In the present study, most constructs failed with multiple slips relating to each of the 4 clips during loading, from the clip closest to the band up to the clip furthest from the band. Because yield loads were identified as a deviation of 5% from linear loading, this generally corresponded to slippage of the first clip but not absolute failure. We chose a deviation of 5% from linear loading because we thought that this would be clinically relevant, as it would indicate slippage of a clip securing the cellophane band that caused loosening of the cellophane band. However, this was not absolute failure, and if absolute failure was chosen as the experimental end point, then the yield loads across clip groups would be higher. Clinically, the authors recommend that a portion of the cellophane band should be left distal to the clips to prevent absolute failure at the loads exerted in the present study. In clinical cases, clip slippage is more likely to occur with continued surgical manipulation after cellophane band placement or postoperative patient movement28 and should ideally be avoided.

In analyzing the clinical relevance of the mechanical data obtained in the present study, it is important to consider the forces placed on cellophane bands secured with clips in vivo. Although typical portal pressures after cellophane band attenuation are unlikely to result in forces that could cause clip slippage, these pressures are measured at a distance from the shunt vessel47; thus, the actual pressure and forces on the shunt vessel wall are unknown. Therefore, our testing protocol was designed to be similar to that used previously to test the number and size of cellophane band clips that provided most resistance to tensile forces in a reproducible manner.28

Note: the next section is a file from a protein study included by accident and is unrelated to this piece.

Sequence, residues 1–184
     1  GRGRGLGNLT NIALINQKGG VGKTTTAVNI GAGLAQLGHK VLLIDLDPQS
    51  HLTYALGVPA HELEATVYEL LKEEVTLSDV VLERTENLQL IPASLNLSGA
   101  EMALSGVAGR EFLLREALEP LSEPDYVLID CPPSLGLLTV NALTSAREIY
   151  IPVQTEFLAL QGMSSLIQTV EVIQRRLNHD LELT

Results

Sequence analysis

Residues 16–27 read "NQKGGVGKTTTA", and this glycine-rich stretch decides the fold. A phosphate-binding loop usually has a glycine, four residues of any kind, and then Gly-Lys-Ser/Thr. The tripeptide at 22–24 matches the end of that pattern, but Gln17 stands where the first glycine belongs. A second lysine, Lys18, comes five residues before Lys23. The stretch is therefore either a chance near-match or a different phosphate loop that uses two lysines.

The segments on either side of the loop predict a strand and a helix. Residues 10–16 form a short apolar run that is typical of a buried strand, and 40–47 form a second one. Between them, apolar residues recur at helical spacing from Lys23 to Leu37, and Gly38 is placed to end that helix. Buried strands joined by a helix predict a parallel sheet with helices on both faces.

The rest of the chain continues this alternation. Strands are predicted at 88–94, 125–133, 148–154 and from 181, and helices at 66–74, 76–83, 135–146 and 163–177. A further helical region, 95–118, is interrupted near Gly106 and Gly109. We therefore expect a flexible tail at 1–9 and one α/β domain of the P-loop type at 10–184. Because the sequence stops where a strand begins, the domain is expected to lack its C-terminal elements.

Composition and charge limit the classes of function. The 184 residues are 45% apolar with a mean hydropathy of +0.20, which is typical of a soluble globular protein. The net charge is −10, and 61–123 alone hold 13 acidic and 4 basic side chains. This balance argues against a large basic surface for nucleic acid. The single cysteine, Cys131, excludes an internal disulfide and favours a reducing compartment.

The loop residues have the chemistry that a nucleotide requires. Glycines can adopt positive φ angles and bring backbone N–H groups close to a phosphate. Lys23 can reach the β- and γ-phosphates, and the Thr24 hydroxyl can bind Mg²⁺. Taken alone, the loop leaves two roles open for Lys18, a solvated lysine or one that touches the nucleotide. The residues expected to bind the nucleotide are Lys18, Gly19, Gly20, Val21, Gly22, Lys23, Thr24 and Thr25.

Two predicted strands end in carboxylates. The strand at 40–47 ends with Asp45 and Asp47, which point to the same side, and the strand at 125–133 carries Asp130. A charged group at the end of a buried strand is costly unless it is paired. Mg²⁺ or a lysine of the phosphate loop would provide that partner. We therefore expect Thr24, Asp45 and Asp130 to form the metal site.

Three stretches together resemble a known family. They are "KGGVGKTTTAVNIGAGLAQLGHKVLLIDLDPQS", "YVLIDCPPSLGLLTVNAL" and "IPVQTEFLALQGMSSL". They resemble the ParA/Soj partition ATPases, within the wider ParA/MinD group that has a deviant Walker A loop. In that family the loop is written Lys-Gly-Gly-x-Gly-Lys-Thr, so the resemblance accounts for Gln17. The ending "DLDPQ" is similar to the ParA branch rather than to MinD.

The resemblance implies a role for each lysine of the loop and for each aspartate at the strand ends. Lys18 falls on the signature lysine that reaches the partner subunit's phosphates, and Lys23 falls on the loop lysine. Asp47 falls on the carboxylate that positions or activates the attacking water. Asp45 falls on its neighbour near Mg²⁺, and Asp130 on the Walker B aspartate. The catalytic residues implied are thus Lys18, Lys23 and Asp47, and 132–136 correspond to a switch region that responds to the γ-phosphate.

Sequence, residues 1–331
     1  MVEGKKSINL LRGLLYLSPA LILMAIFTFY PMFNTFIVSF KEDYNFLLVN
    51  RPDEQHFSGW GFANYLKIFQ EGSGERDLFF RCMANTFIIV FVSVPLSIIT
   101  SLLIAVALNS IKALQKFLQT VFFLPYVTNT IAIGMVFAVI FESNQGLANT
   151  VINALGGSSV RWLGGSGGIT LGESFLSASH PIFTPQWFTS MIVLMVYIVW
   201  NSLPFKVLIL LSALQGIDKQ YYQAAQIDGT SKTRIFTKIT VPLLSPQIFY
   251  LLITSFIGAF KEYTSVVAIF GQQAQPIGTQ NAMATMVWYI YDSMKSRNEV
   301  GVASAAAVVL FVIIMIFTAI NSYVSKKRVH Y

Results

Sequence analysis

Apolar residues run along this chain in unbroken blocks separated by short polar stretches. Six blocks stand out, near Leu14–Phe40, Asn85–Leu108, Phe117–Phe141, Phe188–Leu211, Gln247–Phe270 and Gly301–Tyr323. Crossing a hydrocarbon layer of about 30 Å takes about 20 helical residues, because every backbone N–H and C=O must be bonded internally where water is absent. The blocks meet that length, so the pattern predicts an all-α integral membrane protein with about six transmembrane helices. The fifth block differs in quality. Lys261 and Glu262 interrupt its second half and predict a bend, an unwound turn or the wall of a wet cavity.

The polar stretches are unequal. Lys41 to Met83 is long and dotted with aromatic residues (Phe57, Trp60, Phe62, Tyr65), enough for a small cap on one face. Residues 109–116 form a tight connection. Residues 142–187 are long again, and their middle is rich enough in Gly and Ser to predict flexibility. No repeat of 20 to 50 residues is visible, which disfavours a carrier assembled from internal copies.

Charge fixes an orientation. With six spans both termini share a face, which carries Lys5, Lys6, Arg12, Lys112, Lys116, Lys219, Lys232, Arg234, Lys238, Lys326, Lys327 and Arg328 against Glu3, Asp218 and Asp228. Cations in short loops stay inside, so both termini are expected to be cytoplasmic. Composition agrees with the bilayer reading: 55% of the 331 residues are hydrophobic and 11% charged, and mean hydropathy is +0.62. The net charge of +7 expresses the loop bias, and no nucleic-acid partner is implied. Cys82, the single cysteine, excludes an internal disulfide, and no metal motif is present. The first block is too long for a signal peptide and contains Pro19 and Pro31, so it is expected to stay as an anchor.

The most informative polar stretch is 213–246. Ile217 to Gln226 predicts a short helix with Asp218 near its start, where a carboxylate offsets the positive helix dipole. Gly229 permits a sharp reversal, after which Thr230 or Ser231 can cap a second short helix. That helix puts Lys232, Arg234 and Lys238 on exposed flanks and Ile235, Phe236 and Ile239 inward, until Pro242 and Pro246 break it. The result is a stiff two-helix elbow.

There are known limitations of use of cadaveric specimens. Use of cadavers in the present study resulted in evaluation of clip artifact by means of CT instead of CTA, which has been proven to be the most accurate diagnostic imaging method for evaluation of portal vasculature, detection of preoperative EHPSs, and confirmation of residual postattenuation shunting.16,21–24 Therefore, we propose that postoperative CTA would be the best diagnostic imaging technique. Another limitation of the present study was the in vitro nature of the cellophane band tensile strength testing. Although the use of a split cylinder to emulate the vessel expansion on the cellophane band has been used in a previous study,26 the tensile testing configuration does not uniformly apply circumferential force on the band as would be expected from a radially expanding vessel. Furthermore, the split cylinder had a stiff metal composition, unlike the more compliant wall of a vessel. Likewise, forces exerted on the cellophane bands in the present study were likely supraphysiological and may not be directly correlated with in vivo findings.